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Social Media is omnipresent these days and individuals as well as companies increasingly use these instruments as communication and marketing tools. Moreover, the development of Social Media platforms, like interactive online rating and comparison platforms, is also of interest for the start-up sector. However, this increasing importance of Social Media also raises questions about the liability for the published content and legal remedies to protect and enforce affected legal positions.

“The talk about the entrance of two regional players – CMS and Schoenherr – onto the Macedonian market last year is still on everyone’s lips (among lawyers),” says Apostolska & Partners’ Founding Partner Emilija Apostolska-Temov in North Macedonia, who says that the presence of such law firms in the market will undoubtedly influence business, increasing both the quality of legal services and competition. “It also gives us a hint about investments coming in – such big law firms would not come without any plans,” she says. “They must know something that the rest of us will learn later. I think it will be a positive experience.”

The Austrian Supreme Court has abolished its former line of decisions on the recognition of collateral granted by way of security transfer (Sicherungsübereignung) under foreign jurisdiction. From now on, Austrian courts will have to recognise such collateral even if it does not comply with Austrian publicity requirements (Pubilzitätserfordernissen). This decision will enhance legal security and the overall position of creditors in an international context.

With a slight lag of two months, on 11 March, the Polish President signed the bill amending Intellectual Property Law ("IP Law") which is scheduled to enter into force one day following its publication. The broad changes were brought about by the implementation of the EU Trademark Directive 2015/2436 ((EU) Directive 2015/2436 of the European Parliament and of the Council of 16 December 2015 to approximate the laws of Member States regarding trademarks) (the "Directive").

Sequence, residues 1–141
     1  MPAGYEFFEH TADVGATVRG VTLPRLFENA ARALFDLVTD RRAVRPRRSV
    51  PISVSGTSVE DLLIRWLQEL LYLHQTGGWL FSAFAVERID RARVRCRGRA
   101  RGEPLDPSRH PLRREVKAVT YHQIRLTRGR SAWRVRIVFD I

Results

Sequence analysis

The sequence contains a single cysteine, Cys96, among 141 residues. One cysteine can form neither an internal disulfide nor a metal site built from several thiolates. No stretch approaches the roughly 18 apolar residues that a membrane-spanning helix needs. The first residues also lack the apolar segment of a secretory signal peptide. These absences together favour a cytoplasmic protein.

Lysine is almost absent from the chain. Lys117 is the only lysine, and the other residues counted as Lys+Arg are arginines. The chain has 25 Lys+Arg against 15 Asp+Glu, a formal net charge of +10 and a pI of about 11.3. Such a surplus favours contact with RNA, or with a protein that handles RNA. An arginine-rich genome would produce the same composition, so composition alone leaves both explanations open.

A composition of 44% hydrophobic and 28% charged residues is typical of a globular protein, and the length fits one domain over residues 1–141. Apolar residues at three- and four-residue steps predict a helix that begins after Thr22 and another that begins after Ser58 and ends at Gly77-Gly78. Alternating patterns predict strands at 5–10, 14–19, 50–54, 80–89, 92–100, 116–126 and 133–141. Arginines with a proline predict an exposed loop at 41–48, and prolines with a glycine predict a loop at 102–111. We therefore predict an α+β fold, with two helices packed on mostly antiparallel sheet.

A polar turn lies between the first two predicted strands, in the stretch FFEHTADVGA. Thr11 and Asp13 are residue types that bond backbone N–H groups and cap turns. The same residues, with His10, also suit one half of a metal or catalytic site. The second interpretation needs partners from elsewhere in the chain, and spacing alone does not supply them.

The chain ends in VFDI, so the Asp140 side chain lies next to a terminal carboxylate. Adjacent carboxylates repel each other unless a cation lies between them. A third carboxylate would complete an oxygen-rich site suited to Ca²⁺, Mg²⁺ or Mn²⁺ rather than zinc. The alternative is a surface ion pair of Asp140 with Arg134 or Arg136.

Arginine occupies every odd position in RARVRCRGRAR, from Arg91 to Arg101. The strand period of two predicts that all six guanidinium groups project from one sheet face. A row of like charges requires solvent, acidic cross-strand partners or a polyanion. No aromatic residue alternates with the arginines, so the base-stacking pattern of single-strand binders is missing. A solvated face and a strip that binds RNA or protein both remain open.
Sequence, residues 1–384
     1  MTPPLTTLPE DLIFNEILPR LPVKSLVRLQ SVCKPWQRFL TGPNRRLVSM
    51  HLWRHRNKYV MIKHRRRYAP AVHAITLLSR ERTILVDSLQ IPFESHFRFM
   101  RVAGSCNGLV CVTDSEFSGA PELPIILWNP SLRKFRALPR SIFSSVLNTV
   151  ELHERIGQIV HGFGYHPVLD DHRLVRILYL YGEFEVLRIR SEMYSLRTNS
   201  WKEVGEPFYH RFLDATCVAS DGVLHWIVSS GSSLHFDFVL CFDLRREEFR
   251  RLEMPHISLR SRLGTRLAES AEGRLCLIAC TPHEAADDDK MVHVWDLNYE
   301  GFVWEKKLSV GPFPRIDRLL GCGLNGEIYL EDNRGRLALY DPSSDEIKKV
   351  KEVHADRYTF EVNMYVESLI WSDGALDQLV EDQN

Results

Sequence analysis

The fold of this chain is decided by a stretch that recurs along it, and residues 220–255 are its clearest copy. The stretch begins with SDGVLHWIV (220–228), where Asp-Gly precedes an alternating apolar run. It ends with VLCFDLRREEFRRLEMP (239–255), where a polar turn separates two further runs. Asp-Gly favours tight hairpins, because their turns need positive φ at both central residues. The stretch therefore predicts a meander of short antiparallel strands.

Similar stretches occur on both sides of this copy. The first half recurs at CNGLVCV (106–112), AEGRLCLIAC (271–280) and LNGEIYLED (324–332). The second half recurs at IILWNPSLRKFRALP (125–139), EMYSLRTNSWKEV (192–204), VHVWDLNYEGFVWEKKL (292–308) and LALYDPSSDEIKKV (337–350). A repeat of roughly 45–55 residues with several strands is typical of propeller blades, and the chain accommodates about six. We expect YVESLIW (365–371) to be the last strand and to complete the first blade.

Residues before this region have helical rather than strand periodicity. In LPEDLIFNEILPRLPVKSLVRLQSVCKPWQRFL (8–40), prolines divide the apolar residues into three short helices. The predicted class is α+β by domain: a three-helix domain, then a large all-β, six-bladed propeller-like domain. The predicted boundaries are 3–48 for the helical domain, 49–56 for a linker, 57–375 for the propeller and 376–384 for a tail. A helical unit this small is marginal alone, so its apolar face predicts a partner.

Schoenherr, working with lead counsel Hengeler Mueller and Belgium's Bredin Prat, China's JunHe, Mexico's Galicia Abogados, and Wuersch & Gering in New York, has advised Sweden's Ericsson on its acquisition of Germany's Kathrein SE's antenna and filters division. Noerr and Ziems & Partner acted as lead counsel to Kathrein, assisted by, among others, Eisenberger & Herzog, Freshfields Bruckhaus Deringer, Allen & Overy, and Gleiss Lutz.

Croatian employers have until the end of this year to partially comply with the recently enacted Act on the Protection of Whistleblowers (Zakon o zaštiti prijavitelja nepravilnosti; "Whistleblower Protection Act"), with which they must come into full compliance by March 2020. The Whistleblower Protection Act defines who will be deemed a whistleblower and enjoy protection for whistleblowing. In contrast, the current whistleblower provisions are scattered throughout a number of laws, such as the Criminal Code, the Trade Act, the Employment Act and others. Consequently, research conducted in 2017 has shown that around 60 % of Croatian examinees do not know how to report corruption.

Schoenherr at a Glance

Schoenherr is a leading full-service law firm in Central and Eastern Europe. With 14 offices located in Belgrade, Bratislava, Brussels, Budapest, Bucharest, Chisinau, Istanbul, Ljubljana, Podgorica, Prague, Sofia, Vienna, Warsaw and Zagreb, as well as country desks for Albania, Bosnia-Herzegovina, North Macedonia and Ukraine, Schoenherr provides its clients with comprehensive coverage of the CEE/SEE region. More than 300 legal professionals work across borders according to the individual needs and requirements of local and international companies. Quality, flexibility, innovation and practice-oriented solutions for complex assignments in the field of business law are at the core of Schoenherr's philosophy.

Firm's website: http://www.schoenherr.eu/knowledge/